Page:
Senate judiciary passes anti-‘smurfing’ legislation

WASHINGTON The Senate Judiciary Committee on Thursday passed the Methamphetamine Production Prevention Act, introduced by Sens. Dick Durbin, D-Ill., and Chuck Grassley, R-Iowa, Grassley’s office stated in an announcement.

The legislation addresses the practice of “smurfing,” where individuals looking to circumvent federal purchase restrictions on pseudoephedrine by the maximum quantity allowed across several retailers, by making it easier for pharmacy operators to use electronic logbook systems in their sale of PSE products.

“Smurfing pseudephedrine products from store to store in city to city is a growing problem, especially in communities that border another state,” stated Grassley. “When we wrote the Combat Meth Act, we didn’t account for these unscrupulous individuals who have learned that if they provide false information or visit multiple stores, tracking and arresting these people is more difficult. … An electronic logbook will be a tremendous asset for local law enforcement and businesses as they work to end the devastating impact of meth on our communities.”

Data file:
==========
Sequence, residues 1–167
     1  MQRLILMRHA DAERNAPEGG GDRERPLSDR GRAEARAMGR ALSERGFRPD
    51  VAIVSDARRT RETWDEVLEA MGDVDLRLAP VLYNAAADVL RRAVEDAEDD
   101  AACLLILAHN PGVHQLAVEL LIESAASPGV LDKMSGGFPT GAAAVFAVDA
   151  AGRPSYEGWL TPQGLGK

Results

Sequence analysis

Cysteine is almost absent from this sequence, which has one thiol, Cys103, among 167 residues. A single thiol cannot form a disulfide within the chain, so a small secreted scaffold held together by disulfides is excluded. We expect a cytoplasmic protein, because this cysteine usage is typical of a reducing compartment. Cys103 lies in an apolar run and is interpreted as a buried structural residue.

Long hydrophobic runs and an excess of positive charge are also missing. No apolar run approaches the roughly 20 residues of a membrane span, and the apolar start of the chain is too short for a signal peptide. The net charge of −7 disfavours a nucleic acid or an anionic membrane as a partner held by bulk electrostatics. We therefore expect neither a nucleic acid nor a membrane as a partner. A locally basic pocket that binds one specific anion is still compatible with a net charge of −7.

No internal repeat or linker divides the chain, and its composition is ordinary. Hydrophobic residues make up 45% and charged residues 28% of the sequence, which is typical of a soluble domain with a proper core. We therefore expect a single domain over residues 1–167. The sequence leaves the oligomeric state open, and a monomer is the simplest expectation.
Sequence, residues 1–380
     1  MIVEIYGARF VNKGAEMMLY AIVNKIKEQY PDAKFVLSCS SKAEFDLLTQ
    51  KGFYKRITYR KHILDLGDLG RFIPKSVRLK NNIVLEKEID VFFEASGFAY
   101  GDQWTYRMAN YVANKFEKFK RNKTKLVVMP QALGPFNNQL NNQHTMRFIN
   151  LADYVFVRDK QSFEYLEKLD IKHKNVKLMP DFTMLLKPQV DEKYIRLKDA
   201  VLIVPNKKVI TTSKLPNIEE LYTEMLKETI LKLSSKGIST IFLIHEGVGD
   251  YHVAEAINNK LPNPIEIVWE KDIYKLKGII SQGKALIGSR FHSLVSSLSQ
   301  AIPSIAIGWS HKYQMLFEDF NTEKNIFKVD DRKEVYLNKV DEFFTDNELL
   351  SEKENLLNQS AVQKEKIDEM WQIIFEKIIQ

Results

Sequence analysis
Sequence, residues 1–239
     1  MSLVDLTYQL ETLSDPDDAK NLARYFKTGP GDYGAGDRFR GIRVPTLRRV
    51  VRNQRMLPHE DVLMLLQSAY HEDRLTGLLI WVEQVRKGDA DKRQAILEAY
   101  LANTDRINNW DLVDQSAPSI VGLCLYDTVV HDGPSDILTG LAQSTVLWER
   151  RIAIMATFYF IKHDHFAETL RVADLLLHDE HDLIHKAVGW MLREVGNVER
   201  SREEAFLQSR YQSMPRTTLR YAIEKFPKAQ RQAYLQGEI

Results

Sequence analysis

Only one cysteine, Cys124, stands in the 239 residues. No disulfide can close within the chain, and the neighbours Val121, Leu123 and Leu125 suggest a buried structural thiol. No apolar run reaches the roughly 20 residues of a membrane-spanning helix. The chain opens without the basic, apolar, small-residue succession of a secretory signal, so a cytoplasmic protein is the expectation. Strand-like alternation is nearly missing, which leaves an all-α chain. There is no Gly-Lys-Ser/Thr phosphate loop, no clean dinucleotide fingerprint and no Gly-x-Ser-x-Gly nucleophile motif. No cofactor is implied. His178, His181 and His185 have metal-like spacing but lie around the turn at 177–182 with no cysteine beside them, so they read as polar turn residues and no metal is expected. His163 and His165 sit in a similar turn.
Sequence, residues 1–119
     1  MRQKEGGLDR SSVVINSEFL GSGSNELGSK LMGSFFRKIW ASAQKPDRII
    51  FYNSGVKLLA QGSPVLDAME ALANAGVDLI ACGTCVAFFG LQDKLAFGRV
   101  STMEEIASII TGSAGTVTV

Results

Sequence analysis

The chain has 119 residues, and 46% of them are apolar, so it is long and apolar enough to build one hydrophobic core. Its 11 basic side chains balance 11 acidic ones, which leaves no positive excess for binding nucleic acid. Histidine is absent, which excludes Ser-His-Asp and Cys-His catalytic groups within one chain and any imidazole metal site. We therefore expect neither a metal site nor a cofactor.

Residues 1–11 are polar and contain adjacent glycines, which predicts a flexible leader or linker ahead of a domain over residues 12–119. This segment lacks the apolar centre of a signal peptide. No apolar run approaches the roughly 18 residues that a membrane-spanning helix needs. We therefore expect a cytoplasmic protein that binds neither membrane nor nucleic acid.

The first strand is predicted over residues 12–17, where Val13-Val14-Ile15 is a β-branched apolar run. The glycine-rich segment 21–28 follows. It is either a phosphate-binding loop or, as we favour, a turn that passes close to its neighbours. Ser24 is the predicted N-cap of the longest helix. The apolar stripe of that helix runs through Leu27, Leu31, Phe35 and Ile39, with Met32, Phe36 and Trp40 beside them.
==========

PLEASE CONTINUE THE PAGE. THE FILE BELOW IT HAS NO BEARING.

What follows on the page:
Today’s legislation revises the technical logbook requirements found in the federal Combat Methamphetamine Epidemic Act, which passed in 2006. The Durbin-Grassley bill would change the Combat Meth Act to facilitate the use of electronic logbooks instead of written logbooks. For instance, the bill would revise the Act’s purchaser signature requirement to allow signatures to be obtained and stored on paper when the rest of the logbook information is captured electronically. This would make electronic logbook systems far more cost-effective without hurting law enforcement efforts. The bill would also allow for the use of bar code reader technology, and would revise the current requirement that each purchaser “enter” his or her name and address into a logbook so that retailers can type in the information electronically.

The legislation has been endorsed by numerous organizations, including the National Narcotics Officers’ Associations’ Coalition, the National Criminal Justice Association, the National District Attorneys Association, the Consumer Healthcare Products Association and the National Association of Chain Drug Stores.

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